Everyone has their own opinion of what is beautiful.

1. There is a casual, exclamatory use of "beautiful" which is almost entirely empty of meaning, amounting to no more than an expression of a favorable attitude. People exclaim "beautiful" meaning only "great" or "wonderful" or "I like that a lot." When I say it is empty I mean the kind of favor is left completely open. It could be aesthetic or it could be any other sort: moral, intellectual, economic, etc. We can use "beautiful" to express our relief when freed from a danger (it was beautiful when the police burst in to disarm the terrorists), the provision of shelter, news of a football victory or any other welcome event. This use of "beautiful" is jarring because the word is more properly restricted to aesthetic value. Thus people who regularly use it unselectively seem frivolous because they seem to have reduced all values to a single kind, and one which is the least weighty. The moral, the medical, the nutritional and the generally practical rightly claim priority over the aesthetic, which can be roughly equated with the delightful to contemplate when free from more pressing matters. To exclaim "beautiful" indiscriminately for welcome news seems not just undiscriminating but sappy.

So what does that really mean and why is it that everyone’s perception of beauty is the same....

By a principle of taste I mean a principle under the condition ofwhich we could subsume the concept of the object, and thus infer, bymeans of a syllogism, that the object is beautiful. But that isabsolutely impossible. For I must immediately feel the pleasure in therepresentation of the object, and of that I can be persuaded by nogrounds of proof whatever. Although, as Hume says, all critics canreason more plausibly than cooks, yet the same fate awaits them. Theycannot expect the determining ground of their judgment [to be derived]from the force of the proofs, but only from the reflection of thesubject upon its own proper state of pleasure or pain. (Kant 1790,section 34)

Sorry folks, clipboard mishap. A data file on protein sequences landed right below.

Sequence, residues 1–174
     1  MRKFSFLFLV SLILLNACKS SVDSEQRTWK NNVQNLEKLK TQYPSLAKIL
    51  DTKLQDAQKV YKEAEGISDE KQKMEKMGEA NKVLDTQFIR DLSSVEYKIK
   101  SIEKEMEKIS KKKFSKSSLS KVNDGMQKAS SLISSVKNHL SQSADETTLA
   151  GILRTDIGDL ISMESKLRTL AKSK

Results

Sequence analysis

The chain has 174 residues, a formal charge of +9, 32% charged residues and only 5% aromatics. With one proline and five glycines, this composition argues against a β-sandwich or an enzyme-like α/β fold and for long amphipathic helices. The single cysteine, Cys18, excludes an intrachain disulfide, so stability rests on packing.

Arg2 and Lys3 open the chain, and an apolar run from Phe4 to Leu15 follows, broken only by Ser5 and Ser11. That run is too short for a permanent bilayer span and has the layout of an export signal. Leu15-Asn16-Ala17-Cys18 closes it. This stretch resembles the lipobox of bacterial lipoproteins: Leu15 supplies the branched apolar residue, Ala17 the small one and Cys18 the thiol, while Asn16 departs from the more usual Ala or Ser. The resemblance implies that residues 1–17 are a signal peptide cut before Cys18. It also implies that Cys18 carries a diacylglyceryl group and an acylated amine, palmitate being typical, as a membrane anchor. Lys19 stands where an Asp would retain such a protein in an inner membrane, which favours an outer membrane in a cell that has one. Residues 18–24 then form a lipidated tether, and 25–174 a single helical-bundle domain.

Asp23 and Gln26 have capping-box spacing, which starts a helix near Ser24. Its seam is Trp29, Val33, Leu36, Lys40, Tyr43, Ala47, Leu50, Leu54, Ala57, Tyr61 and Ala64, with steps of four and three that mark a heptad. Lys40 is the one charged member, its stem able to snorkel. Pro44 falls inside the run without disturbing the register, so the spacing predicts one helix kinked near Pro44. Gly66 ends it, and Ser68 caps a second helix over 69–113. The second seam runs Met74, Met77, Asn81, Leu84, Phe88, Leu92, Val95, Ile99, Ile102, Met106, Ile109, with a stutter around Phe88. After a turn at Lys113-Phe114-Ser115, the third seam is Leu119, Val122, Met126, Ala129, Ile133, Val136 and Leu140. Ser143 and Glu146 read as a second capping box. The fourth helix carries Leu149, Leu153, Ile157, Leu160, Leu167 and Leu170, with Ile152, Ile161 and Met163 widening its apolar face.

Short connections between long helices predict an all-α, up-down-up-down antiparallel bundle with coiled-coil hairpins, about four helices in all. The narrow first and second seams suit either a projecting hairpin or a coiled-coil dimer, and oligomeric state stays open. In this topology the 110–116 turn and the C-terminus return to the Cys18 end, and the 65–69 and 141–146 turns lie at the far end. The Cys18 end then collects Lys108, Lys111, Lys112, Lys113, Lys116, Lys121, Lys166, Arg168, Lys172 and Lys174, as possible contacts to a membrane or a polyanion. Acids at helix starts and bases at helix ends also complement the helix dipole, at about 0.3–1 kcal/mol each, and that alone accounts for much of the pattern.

Some people think that beauty is not subjective.

2014) This quote means that many different people see beauty in their own way.

Is beauty in the eye of the beholder? John defines beauty as that which brings enjoyment to the person who looks or contemplates. John defines subjective properties as properties that require subjects of the right sort to make a difference. When we say something is beautiful, are we recommending to others that they should take delight in it? Beauty may be intersubjective, but is it objective? Can we argue rationally about whether something is beautiful? Ken introduces Alexander Nehamas, professor at Princeton. Is beauty both skin deep and in the eye of the beholder? Nehamas distinguishes between surface beauty and deep beauty.

Debate Argument: Is beauty objective

Philosophers in the Kantian tradition identify the experience ofbeauty with disinterested pleasure, psychical distance, and the like,and contrast the aesthetic with the practical. “Tasteis the faculty of judging an object or mode of representing it by anentirely disinterested satisfaction or dissatisfaction. Theobject of such satisfaction is called beautiful” (Kant1790, 45). Edward Bullough distinguishes the beautiful from the merelyagreeable on the grounds that the former requires a distance frompractical concerns: “Distance is produced in the first instanceby putting the phenomenon, so to speak, out of gear with ourpractical, actual self; by allowing it to stand outside the context ofour personal needs and ends.“ (Bullough 1912, 244)

Beauty : a characteristic of a person, animal, place, object, ..

As a result of the hegemony of the modern male in society, the standards of beauty are often reflected and observed through the objectification of women.

What is Beauty? | Philosophy Talk

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